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September 19, 1957 - Image 20

Resource type:
Text
Publication:
Michigan Daily, 1957-09-19

Disclaimer: Computer generated plain text may have errors. Read more about this.

loot I

'ortu

' Gets

PROBLEMS UNRESOLVE
Coeducation's

'atterns

'op'

1.

ersity researchers an-
Thursday that most
re in the market for
e at least once every
h the car owner be-'
sent model is in good
is still in the market
car.
aiger, Eva Mueler and
of the University's
search Center an-
ir findings at the
atistical. Association,
2.
eir 32-month survey,
of the families inter-
in the market for a
nce, 14 per cent twice
cent three times or
0, the researchers
ericans change cars

frequently, each time buying a car
which is only a few years newer
than the one they replace."
New car purchases, they said,
are planned more often than used
car buying but the rate of fulfill-
ment is about the same in each
case.
"Under the present liberal credit
terms,.' they added, "the antici-
pated method of financing does
not affect the fulfillment of plans.
A substantial change in credit
terms could alter this, however."
Most car owners believe their
machines were in excellent condi-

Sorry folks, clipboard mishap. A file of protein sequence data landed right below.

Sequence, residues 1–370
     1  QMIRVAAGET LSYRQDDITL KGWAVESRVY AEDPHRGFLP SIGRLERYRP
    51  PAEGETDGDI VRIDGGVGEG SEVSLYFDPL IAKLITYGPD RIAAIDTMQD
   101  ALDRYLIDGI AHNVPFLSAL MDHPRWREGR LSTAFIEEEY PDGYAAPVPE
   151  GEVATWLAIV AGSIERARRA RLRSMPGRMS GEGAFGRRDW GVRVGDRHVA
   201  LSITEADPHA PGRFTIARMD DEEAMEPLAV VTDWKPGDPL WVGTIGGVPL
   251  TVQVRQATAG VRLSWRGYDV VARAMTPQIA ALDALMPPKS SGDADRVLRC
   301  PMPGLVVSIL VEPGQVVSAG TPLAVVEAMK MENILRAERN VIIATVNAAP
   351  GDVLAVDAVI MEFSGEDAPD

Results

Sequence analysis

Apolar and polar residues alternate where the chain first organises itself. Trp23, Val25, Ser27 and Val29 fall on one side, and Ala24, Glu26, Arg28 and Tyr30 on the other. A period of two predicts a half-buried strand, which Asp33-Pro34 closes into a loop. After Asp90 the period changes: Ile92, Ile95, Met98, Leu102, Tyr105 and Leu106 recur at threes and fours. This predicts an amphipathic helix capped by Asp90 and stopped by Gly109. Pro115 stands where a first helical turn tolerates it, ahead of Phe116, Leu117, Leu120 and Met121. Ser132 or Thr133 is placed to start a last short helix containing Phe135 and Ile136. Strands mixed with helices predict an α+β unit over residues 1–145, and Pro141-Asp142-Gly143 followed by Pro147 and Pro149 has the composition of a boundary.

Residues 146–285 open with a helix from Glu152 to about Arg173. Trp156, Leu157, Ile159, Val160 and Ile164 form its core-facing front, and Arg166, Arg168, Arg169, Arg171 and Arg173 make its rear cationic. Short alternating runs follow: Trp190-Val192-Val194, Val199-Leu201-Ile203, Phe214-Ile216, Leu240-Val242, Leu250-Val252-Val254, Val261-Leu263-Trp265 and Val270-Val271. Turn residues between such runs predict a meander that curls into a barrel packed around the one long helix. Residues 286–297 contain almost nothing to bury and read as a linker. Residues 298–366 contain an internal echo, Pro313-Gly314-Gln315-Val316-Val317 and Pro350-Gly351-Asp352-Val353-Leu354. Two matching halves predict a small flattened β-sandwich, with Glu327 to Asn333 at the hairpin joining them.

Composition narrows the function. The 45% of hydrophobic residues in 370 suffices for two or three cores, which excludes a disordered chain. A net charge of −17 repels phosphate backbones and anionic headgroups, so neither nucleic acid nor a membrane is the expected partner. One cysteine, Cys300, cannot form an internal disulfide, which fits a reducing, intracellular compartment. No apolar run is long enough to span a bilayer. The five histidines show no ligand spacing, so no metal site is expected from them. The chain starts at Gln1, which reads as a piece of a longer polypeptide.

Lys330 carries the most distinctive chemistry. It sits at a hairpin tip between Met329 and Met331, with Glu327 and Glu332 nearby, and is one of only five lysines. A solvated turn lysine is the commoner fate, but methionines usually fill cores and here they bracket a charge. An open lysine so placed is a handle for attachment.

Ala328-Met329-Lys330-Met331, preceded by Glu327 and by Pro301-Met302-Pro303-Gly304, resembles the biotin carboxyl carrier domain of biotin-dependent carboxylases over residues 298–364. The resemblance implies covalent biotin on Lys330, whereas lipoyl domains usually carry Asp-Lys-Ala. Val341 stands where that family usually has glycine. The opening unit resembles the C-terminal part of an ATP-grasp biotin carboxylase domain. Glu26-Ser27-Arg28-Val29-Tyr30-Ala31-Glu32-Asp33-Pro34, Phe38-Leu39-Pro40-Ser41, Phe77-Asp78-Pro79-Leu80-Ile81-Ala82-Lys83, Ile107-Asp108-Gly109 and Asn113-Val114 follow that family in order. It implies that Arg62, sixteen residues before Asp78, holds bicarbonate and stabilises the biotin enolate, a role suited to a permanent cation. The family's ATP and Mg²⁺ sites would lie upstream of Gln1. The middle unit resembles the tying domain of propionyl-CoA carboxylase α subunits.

tion and most of the rest felt
their cars were in good shape.
Only two or three per cent
thought of their cars as "clunkers."
Most of those who felt their cars
were unsatisfactory soon pur-
chased a newer automobile.

$4,968
In Grant

A research grant of $4,968 for
the study of cerebral palsy has
been made to the Medical School's'
pharmacology department.
The grant, made by the United
Cerebral Palsy Association, is to be
used to study muscle relaxants.
Dr. Edward F. Domino, assistant
professor, of pharmacology, will
conduct the program.
Since 1949, almost J3,000,000 has
been allocated by the association
to further basic and clinical re-
search which will help train pro-
fessional personnel in their work
with cerebral palsy patients,

"Though women have ad
their public status at a di
* pace and have the worlda
feet, the problem of the
and content of their colleg
cation is still unresolved,"1
sity President Harlan Hatel
quoted in this week's is